James and Julie Kress (the “Taxpayers”) filed a lawsuit in United States District Court for the Eastern District of Wisconsin [Case 1:15-cv-01067-WCG] on September 2, 2015. They sought a refund of federal gift taxes and interest they claim were erroneously assessed by the IRS on gifts made in 2007, 2008, and 2009.
The Taxpayers are shareholders of an S corporation. The shares are owned by members of the Taxpayers’ family and certain employees and directors. The company’s bylaws and shareholders’ agreement restrict transfer of shares by family members to other family members or to trusts, as defined in the bylaws. An annual valuation opines the value of minority blocks of the shares.
The bylaws and shareholders’ agreement also stipulate transfers of stock by non-family shareholders are subject to a right of first refusal by the company. The bylaws and stockholder agreements specify these transfers must be at 120% of the company’s book value at the time of transfer.
In the years stated above, minority shares were gifted to members of the Taxpayers’ family at Fair Market Value as determined by an independent valuation. These valuations took into account the restrictions on transfers of shares held by family members.
The IRS challenged these amounts. It determined the gifts should have been valued at 120% of book value, the value which the company’s shareholders agreement and by-laws provide for transfers by non-family members.
Fair Market Value is defined as the value a property would receive if it were sold in the open market. Among other factors, it assumes the buyer and seller are reasonably knowledgeable about the property in question, they are acting in their own best interest and neither party is under any undue influence.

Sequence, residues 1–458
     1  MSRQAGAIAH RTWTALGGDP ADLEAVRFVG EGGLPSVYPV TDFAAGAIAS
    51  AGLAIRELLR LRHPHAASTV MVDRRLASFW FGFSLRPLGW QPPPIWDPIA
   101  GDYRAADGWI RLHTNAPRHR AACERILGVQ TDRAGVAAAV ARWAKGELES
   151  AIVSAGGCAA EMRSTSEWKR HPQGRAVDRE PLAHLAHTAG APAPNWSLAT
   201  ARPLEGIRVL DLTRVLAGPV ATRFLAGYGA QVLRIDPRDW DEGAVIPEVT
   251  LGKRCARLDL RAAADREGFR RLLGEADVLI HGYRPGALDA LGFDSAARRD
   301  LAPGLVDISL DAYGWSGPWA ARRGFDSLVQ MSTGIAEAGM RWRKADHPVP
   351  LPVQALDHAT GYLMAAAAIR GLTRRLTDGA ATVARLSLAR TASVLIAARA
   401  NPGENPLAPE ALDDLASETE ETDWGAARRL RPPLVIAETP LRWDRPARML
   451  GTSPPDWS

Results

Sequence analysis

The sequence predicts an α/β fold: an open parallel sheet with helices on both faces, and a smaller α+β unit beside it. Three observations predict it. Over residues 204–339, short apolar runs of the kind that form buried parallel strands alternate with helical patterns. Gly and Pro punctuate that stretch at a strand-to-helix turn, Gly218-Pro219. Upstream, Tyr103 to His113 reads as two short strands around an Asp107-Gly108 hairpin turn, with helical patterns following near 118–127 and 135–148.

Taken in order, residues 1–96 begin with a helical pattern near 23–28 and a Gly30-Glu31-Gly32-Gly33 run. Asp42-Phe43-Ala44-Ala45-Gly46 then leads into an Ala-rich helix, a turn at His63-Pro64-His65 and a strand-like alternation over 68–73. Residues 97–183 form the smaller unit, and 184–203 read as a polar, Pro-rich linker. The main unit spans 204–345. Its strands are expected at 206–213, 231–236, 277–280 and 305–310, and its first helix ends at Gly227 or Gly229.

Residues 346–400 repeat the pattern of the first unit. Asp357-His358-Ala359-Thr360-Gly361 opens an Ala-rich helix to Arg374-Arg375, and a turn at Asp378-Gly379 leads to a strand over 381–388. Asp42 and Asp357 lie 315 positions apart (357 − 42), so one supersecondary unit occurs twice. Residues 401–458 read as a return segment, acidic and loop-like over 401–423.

In this Case, we see two sets of values. One is the values determined by the independent valuations, the other is 120% of book value. The Taxpayers assert the transfer price calculation for non-family members is to simplify transfers. (Shares transferred by non-family members typically had different, and much higher, bases than those transferred between family members).
The Taxpayers claim the restrictions on family transfers are a “bona fide business arrangement.” The restrictions, they claim, were not designed to attain discounted values.
So who is right?
The Taxpayers believe an independent valuation of their company should address the stock restrictions unique to family-owned shares. Because of these restrictions, the value of the shares is heavily discounted. The family contends the restrictions are intended to centralize ownership of the company in the family, not to lower the fair market value of transferred shares.
The IRS has been and is continuing to scrutinize transfers of stock among family members, especially those with high discounts. A perceived goal of the IRS is to prevent businesses from reducing the value of their shares through the imposition of severe restrictions limiting transferability of shares by family members. The IRS claims its valuation at 120% of book value better reflects what an external party would expect to pay for shares. It should be noted employees and directors are not third parties.
This case remains pending.